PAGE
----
More than £6bn of investors' cash is idling in poorly performing stock market funds, according to research from independent financial adviser (IFA) Bestinvest.
Its biannual Spot the Dog report lists 58 funds that have consistently let down investors with duff performances over the past three years.
Among funds investing in the UK, the worst performers included Henderson UK All Companies, Jupiter Growth and Income, and Threadneedle UK Select Growth funds, Bestinvest found. Worst overall was the Manek Growth fund: anybody investing £100 in June 2002 would only have £94 today.
To qualify for dog status, a fund must first have failed to match the benchmark return in its sector in each of the past three years. It must also have underperformed the same benchmark by at least 10 per cent over the whole three-year period to 30 June 2005.
Bestinvest trains the spotlight on the merits, or otherwise, of paying higher fees to firms that "actively" manage your cash. When performance is consistently poor, investors could be better off with a tracker fund, which uses computers simply to match an index.
"Dog funds are not an automatic sell, however," said Bestinvest director Dominic Cummings. "For example, a poor manager may have been recently replaced or a skilful one had a poor short-term run."
The credit card industry has launched an advice website to give consumers a better understanding of the borrowing risks.
Set up by the Association for Payment Clearing Services (Apacs), www.choosingandusing.com explains card terminology such as annual percentage rates; the different types of card available and how to compare them; whether a personal loan might be a better choice, and where to find help if your debts spiral out of control.
Britons collectively owe nearly £60bn on credit cards; there are now more pieces of plastic in the UK than there are people.
"The UK has one of the most competitive credit card markets in the world, with around 1,500 to choose from," said Sandra Quinn of Apacs. "We want consumers to make the best choice."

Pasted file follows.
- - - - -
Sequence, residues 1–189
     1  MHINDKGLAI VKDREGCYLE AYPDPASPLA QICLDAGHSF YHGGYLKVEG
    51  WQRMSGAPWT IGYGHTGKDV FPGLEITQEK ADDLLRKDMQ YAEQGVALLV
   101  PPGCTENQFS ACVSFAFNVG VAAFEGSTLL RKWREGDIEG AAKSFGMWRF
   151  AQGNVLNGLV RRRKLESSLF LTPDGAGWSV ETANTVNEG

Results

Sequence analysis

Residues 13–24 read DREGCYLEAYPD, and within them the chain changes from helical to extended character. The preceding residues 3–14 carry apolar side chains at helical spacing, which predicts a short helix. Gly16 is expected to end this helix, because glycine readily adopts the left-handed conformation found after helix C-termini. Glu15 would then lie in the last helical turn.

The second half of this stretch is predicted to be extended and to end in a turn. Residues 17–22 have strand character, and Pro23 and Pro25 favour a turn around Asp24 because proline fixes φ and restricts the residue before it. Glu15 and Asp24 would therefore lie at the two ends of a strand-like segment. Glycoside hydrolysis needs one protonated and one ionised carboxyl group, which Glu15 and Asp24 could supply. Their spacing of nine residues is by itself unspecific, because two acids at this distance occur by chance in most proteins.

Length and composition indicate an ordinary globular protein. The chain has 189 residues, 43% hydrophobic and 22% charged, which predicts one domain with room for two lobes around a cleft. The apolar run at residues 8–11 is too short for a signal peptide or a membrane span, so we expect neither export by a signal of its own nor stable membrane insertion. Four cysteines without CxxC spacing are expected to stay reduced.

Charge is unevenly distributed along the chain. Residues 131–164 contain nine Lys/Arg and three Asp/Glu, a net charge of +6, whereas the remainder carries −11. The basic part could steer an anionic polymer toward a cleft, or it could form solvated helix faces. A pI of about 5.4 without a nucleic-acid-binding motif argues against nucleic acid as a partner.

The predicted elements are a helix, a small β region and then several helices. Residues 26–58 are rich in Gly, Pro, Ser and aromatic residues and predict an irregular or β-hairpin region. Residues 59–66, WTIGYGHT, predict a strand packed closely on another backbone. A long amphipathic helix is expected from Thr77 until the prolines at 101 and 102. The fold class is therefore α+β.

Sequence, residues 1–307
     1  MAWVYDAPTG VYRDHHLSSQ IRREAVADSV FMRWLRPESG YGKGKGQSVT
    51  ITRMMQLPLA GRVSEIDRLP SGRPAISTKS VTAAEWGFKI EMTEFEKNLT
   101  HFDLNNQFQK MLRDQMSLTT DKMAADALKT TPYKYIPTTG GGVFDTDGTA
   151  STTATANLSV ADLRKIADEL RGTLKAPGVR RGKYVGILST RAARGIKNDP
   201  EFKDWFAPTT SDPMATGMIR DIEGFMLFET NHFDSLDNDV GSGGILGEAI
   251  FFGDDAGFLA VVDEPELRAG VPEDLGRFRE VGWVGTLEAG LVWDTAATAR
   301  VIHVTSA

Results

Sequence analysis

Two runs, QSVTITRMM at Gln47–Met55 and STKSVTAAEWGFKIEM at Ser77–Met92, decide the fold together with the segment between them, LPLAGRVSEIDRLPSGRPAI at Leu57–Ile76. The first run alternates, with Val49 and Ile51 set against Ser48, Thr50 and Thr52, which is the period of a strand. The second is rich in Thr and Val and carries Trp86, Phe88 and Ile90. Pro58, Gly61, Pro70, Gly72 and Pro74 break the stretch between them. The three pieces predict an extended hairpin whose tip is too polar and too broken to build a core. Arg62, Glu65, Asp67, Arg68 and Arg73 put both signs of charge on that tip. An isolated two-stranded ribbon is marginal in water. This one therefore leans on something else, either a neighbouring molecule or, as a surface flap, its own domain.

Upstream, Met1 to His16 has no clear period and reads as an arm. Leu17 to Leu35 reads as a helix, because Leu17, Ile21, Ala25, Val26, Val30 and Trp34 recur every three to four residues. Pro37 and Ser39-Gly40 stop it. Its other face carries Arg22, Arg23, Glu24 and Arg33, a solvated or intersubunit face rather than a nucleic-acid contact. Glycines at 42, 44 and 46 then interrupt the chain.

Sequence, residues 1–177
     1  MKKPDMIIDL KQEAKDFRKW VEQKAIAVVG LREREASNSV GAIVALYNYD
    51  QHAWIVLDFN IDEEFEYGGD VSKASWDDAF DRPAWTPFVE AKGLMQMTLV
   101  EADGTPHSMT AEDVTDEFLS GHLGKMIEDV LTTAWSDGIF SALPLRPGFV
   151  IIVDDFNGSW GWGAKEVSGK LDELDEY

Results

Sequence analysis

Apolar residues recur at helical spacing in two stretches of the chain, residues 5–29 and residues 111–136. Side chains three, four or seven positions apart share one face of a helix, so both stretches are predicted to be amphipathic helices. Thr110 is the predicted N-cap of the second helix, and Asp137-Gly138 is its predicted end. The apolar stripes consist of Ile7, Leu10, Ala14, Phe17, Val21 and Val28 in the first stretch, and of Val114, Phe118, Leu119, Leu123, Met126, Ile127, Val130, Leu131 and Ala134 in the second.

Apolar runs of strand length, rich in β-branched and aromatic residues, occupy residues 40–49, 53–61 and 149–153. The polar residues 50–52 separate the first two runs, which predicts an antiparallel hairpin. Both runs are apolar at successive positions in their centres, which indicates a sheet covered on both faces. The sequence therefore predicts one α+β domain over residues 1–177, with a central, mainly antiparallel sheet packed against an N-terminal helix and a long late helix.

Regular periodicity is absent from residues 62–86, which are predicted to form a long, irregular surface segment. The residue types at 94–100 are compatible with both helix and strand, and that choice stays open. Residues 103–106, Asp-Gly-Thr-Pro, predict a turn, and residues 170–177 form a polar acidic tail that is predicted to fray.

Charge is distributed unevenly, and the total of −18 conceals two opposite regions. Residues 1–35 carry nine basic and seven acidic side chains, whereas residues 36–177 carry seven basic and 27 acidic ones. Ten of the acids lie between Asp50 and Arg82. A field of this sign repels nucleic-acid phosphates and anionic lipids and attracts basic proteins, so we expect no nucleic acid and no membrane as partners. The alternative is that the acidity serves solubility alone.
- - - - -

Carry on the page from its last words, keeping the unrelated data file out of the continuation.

Figures released by the British Bankers' Association (BBA) show that consumer credit borrowing went up by £295m in June - more than double May's £117m rise. Despite this, last month's increase is far below the levels recorded throughout most of 2004.
Pension report on ice
A Parliamentary Ombudsman report into the way government literature portrayed final-salary occupational pension schemes as "guaranteed" has been delayed until October.
It is believed that a draft version of the report has been ready for some weeks but that a government request to make a late submission of evidence has put back its publication. It should finally appear when MPs return in October after the summer recess.
The report focuses on government information dating from the late 1990s, telling workers that final salary pensions were guaranteed to pay out. Since then, a number of such schemes have collapsed without the reserves to meet their obligations, leaving workers facing a bleak prospect in retirement.
The crisis has led to the creation of two support funds, the Pension Protection Fund and the Financial Assistance Scheme, although cash reserves have been condemned as inadequate.
If the Government is found to have acted wrongly, the ombudsman can recommend that compensation be paid.
Powergen price hike
More than five million Powergen customers face higher bills after the energy company announced it was to raise gas prices by 11.9 per cent and electricity prices by 7.2 per cent from the end of August.
Customers' gas bills are set to increase by £44 a year, with electricity bills rising by £26, according to the price-comparison service uSwitch.com.
Powergen blamed higher wholesale gas and electricity costs for the price rises - the latest in a long line for consumers. Since January last year, Powergen has upped its charges for gas four times, and for electricity three times.
The consumer group Energywatch said energy firms continued to generate huge profits despite the rise in wholesale prices.Reuse content